Sub ScanThe Game: It’s a cold warrior’s nightmare! Enemy submarines glide silently through the seas below, but the only ordnance available isn’t of the guided variety. From a destroyer on the surface of the ocean, players have to carefully drop depth charges; taking out enemy subs will depend on timing and sheer luck. Failing to take out enemy subs – and wasting depth charges – will result in a deadly sinking feeling… (Sega, 1982)

Memories: Sega‘s early attempts to break into the crowded Atari 2600 marketplace were a curious mixture of ports of the company’s arcade titles (Congo Bongo, Star Trek) and curious originals like Sub Scan, which didn’t originate in coin-op form. That’s not to say that Sub Scan has no arcade DNA, though – it’s an attempt to put a new spin on a classic quarter-grabber dating back to the ’70s.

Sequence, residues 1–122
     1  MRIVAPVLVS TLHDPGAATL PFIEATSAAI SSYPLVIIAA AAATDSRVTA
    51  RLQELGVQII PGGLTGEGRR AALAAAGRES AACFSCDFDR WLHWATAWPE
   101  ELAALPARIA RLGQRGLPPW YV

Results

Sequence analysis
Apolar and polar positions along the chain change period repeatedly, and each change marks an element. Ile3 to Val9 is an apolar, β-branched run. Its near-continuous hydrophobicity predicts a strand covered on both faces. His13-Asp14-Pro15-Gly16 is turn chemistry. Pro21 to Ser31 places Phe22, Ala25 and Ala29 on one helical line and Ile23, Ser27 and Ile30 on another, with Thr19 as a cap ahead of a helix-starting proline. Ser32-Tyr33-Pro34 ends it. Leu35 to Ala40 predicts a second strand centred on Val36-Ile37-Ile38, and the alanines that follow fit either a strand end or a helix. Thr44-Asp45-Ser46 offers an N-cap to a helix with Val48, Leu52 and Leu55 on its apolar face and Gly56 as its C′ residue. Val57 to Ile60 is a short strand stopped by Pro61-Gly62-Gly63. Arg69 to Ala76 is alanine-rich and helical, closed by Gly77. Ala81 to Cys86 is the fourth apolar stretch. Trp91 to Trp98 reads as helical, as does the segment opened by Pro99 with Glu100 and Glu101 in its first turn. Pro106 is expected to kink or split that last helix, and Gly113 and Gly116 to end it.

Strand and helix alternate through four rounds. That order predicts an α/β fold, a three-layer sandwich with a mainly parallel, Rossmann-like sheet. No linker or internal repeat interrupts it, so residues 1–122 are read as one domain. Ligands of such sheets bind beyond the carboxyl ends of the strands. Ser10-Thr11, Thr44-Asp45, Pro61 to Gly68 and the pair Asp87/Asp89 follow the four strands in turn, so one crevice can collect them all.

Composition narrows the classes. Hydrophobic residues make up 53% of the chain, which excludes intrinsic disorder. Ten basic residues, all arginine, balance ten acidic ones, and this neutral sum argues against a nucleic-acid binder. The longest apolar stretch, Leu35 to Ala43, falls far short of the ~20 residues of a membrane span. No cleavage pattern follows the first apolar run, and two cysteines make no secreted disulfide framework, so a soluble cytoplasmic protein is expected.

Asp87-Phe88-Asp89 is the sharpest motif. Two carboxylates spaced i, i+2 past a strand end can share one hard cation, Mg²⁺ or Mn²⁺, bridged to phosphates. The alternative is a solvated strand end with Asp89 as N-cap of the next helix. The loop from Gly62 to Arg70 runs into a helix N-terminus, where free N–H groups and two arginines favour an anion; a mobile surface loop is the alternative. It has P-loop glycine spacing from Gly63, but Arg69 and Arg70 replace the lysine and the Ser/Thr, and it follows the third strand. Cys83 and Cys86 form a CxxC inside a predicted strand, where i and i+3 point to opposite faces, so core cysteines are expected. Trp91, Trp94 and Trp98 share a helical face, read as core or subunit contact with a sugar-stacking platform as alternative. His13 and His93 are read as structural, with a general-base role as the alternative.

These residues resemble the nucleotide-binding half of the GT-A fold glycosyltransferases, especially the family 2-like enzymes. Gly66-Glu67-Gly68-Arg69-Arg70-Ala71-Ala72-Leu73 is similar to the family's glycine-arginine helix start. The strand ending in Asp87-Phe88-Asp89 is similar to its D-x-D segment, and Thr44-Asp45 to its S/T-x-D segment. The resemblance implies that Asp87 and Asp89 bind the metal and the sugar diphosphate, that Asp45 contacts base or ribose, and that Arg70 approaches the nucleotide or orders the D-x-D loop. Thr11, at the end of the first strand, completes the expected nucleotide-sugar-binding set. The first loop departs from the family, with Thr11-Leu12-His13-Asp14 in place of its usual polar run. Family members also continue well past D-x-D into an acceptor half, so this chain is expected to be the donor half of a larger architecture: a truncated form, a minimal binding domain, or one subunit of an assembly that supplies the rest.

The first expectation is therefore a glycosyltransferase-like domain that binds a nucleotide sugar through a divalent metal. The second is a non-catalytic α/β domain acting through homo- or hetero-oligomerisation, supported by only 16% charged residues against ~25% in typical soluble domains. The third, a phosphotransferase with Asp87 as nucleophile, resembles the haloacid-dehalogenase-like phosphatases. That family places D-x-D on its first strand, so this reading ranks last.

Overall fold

Sub ScanThe setup of Sub Scan seems familiar enough at first, with its radar screen offering a slightly-wider-than-the-TV-screen view of the ocean: Sub Scan is simply a non-3-D take on the basic blow-up-the-subs game that had been in circulation since the original Sea Wolf. Rather than putting players behind the gun though, Sub Scan makes them hazard a guess about dropping inert ordnance into the water from above. Once it’s launched, each depth charge is in the hands of gravity. It’s pretty nerve-wracking.

It’s also a bit unrealistic that the subs never fire back! That 2 quarterswould add a whole new layer of tension to a game that’s largely a waiting game. But the subs remain passive targets that just happen to be on the move, making Sub Scan equal parts Sea Wolf and Carnival… and just not much of a challenge.